My classmate holding one of the boy twins after the emergency Caesarean section! (From left to right: Ali F., Hannah R. and Rachel P.)

Honors nursing student Rachel Pruitt‘s first experience working in the maternity ward was an unforgettable one, her first birthing experience drama-filled and breathtaking…not least of all because both were in a hospital in Bolgatanga, Ghana. Thanks to an Honors College Study Abroad Grant, Rachel spent a month in the city working hard both in the classroom and in clinicals — she documents the experience here, with enthusiasm and gratitude.

After traveling for almost three days to get to Bolgatanga, it was finally Day One of our clinic time. After completing all the in-class course work, I was excited to experience clinical work in such a different environment – one that was steaming hot, lacked the resources and comforts of the States, and in which the people spoke a different language. I wasn’t sure how everything was going to play out, which caused me to be nervous but also filled me with excitement for a new adventure in a clinical unlike any I had ever experienced.

Our group first arriving in Ghana — ready to get to Bolgatanga!


I paired up with a fellow, older nursing student, Ali, to go to the maternity ward for our first day. I was excited to be in this unit as I hadn’t taken OB and pediatrics yet, but Ali had; I was expecting (no pun intended) to learn quite a bit today. We began in the prenatal assessment room, where the nurses taught us how to feel, or palpate, for the uterus and the positioning of the baby, as well as how to detect and listen for the fetal heart tones. We were able to learn from the nurses and compare prenatal assessments and documentation as well as many other aspects of womens’ health, whether pregnant or not.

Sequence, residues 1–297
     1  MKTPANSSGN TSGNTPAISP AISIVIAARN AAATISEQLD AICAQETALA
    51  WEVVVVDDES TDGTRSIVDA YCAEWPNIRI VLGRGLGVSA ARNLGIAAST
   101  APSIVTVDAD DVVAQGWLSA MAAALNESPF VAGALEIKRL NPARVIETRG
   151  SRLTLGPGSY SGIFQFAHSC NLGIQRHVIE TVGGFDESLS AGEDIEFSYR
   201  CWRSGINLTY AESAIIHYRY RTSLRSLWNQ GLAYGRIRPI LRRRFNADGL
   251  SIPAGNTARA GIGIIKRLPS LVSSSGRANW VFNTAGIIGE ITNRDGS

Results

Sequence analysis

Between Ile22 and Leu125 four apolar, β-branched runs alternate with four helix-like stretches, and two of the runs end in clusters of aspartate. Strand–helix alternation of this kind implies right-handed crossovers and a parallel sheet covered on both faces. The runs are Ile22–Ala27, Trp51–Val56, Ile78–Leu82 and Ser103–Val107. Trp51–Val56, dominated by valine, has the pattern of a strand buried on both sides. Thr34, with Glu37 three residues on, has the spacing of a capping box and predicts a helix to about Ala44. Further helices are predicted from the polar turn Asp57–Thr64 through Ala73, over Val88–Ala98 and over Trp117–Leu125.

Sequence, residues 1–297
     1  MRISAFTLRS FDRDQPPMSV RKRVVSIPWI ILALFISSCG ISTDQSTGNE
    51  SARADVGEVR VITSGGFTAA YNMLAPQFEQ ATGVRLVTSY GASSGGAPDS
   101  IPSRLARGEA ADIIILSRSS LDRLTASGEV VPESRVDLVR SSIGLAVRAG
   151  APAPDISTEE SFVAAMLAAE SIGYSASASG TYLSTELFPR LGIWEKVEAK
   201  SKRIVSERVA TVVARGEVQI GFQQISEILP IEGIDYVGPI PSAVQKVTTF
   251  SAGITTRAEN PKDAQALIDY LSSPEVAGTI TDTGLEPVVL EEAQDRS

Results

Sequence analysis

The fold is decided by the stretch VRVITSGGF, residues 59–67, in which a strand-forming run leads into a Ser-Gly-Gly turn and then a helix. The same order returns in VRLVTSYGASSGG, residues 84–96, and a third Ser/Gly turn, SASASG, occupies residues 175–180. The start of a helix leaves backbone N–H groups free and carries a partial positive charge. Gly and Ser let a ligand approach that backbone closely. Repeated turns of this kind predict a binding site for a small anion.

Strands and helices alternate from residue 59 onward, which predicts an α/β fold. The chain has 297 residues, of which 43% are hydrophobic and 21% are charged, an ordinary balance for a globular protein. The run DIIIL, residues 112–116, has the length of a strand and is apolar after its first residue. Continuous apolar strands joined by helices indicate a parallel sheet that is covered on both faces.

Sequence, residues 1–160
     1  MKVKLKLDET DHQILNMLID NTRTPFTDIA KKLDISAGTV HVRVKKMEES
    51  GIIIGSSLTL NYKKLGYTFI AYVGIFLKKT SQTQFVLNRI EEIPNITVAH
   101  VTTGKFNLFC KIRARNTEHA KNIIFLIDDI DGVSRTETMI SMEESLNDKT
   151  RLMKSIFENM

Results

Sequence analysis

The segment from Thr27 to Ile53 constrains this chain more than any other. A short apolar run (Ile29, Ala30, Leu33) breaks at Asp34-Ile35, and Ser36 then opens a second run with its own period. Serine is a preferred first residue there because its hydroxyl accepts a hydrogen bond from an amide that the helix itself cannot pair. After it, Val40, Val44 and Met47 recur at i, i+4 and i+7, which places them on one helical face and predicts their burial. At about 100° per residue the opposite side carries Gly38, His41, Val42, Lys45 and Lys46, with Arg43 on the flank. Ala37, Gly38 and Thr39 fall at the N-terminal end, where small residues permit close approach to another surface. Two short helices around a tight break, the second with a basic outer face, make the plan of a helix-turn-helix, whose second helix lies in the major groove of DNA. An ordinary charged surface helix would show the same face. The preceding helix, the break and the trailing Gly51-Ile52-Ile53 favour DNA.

After a couple of hours, our teacher rushed in and said, “They are birthing a baby in here – come!” Ali and I bolted in and were able to be spectators of my very first birth experience! Due to some complications, the woman was moved to the surgery room for an emergency c-section, allowing me to see a bit of both birthing options. I was so overwhelmed in awe and interest as I was able to see all the steps, medical interventions, and preparation as the first baby was delivered – from epidural to incisions to final delivery and cutting of the umbilical cord. However, I was distressed to see that the first baby boy was so blue and limp – but there was still another brother to be delivered. The midwife suctioned and took several steps to initiate breath and life in this child as the surgeon handed the surgical assistant the other child. My heart was racing as one child was fighting for his life and the other broke the silence with the first cry of life. After several minutes, the first baby finally cried – both were now healthy and alive!!!

It was such an amazing experience – my first birthing experience – and in a new and unique environment with unexpected twists and turns that allowed me a matchless learning opportunity. All within a few hours, I was able to participate in the prenatal assessment and then observe both forms of birth with complications, providing me with a deeper learning experience of how to respond and interventions that can be taken. I am fully convinced this study abroad program was the experience of a lifetime – already preparing me for my upcoming semester by providing early exposure and teaching me the best and different techniques in a variety of areas – from wound care to laboratory work to maternity care. I know I am a better person and will be a better nurse as a result of my experiences and travels in Ghana – an opportunity I will forever be grateful for and never, ever forget.

Before the first day in clinics!